Although there is no federal legislation yet on e-cigarettes, the U.S. Food and Drug Administration proposed regulations in April 2014 that would prohibit sales of e-cigarettes to anyone under eighteen and require that they be approved by the FDA as a tobacco product and carry warning labels for consumers on their packaging. Only three U.S. states have extended the same restrictions placed on tobacco products to e-cigarettes; however, eighteen states have passed legislation enacting use restrictions on venues such as schools, (...) state property, or workplaces. Until there is applicable legislation at the federal, state, or municipal levels, health care organizations will have to develop institutional policies if they wish to consistently address the use of e-cigarettes by patients and visitors on their property. (shrink)
Contemporary discussions of race and racism devote considerable effort to giving conceptual analyses of these notions. Much of the work is concerned to investigate a priori what we mean by the terms ‘ race ’ and ‘racism’ ; more recent work has started to employ empirical methods to determine the content of our “folk concepts,” or “folk theory” of race and racism. In contrast to both of these projects, I have argued elsewhere that in considering what we mean by these (...) terms we should treat them on the model of kind terms whose reference is fixed by ordinary uses, but whose content is discovered empirically using social theory; I have also argued that it is not only important to determine what we actually mean by these terms, but what we should mean, i.e., what type, if any, we should be tracking. My own discussion of these issues, however, has been confused and confusing. In giving an account of race or gender, is the goal to provide a conceptual analysis? Or to investigate the kinds we are referring to? To draw attention to different kinds? To stipulate new meanings? Jennifer Saul has raised a series of powerful objections to my accounts of gender and race, suggesting that they are neither semantically nor politically useful, regardless of whether we treat them as revisionary proposals, or as elucidations of our concepts. Joshua Glasgow has also offered a critique of my externalist approach to race as an effort to capture “our concept”. I agree with much of what they say, but I also believe that there is something I was trying to capture that. (shrink)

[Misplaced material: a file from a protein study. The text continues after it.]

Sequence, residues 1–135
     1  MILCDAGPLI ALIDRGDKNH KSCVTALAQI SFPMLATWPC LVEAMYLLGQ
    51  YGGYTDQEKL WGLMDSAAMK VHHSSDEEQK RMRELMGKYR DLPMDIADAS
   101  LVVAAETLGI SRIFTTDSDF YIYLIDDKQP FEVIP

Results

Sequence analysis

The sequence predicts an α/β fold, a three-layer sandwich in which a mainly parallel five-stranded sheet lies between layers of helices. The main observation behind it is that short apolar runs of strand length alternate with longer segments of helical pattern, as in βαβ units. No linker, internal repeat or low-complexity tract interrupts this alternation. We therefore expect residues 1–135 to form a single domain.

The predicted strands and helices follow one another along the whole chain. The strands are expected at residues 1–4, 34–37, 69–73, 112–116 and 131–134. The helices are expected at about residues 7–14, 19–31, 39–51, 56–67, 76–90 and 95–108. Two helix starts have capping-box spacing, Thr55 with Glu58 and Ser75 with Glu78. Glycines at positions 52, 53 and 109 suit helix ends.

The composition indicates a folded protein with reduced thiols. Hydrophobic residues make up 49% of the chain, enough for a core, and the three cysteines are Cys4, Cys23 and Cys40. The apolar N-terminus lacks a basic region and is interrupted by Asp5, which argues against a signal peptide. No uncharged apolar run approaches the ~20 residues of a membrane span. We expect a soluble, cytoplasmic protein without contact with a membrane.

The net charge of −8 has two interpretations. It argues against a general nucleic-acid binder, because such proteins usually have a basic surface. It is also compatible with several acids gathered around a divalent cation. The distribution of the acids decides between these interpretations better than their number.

The relative reinforcing value of food measures how hard someone will work for a high-energy-dense food when an alternative reward is concurrently available. Higher RRV for HED food has been linked to obesity, yet this association has not been examined in low-income preschool-age children. Further, the development of individual differences in the RRV of food in early childhood is poorly understood. This cross-sectional study tested the hypothesis that the RRV of HED to low-energy-dense food would be greater in children with (...) obesity compared to children without obesity in a sample of 130 low-income 3- to 5-year-olds enrolled in Head Start classrooms in Central Pennsylvania. In addition, we examined individual differences in the RRV of food by child characteristics and food security status. The RRV of food was measured on concurrent progressive-ratio schedules of reinforcement. RRV outcomes included the last schedule reached for cookies and fruit, the breakpoint for cookies in proportion to the total breakpoint for cookies and fruit combined, and response rates. Parents completed the 18-item food security module to assess household food security status and the Behavioral Activation System scale to assess reward sensitivity. Pearson’s correlations and mixed models assessed associations between continuous and discrete child characteristics with RRV outcomes, respectively. Two-way mixed effects interaction models examined age and sex as moderators of the association between RRV and Body Mass Index z-scores. Statistical significance was defined as p < 0.05. Children with obesity had a greater cookie Pmax [F = 4.95, p = 0.03], higher RRV cookie [F = 4.28, p = 0.04], and responded at a faster rate for cookies [F = 17.27, p < 0.001] compared to children without obesity. Children with higher cookie response rates had higher BMIZ ; and RRV cookie was positively associated with BMIZ for older children and boys, but not younger children or girls. The RRV of food did not differ by household food security status. Low-income children with obesity showed greater motivation to work for cookies than fruit compared to their peers without obesity. The RRV of HED food may be an important contributor to increased weight status in boys and future research is needed to better understand developmental trajectories of the RRV of food across childhood. (shrink)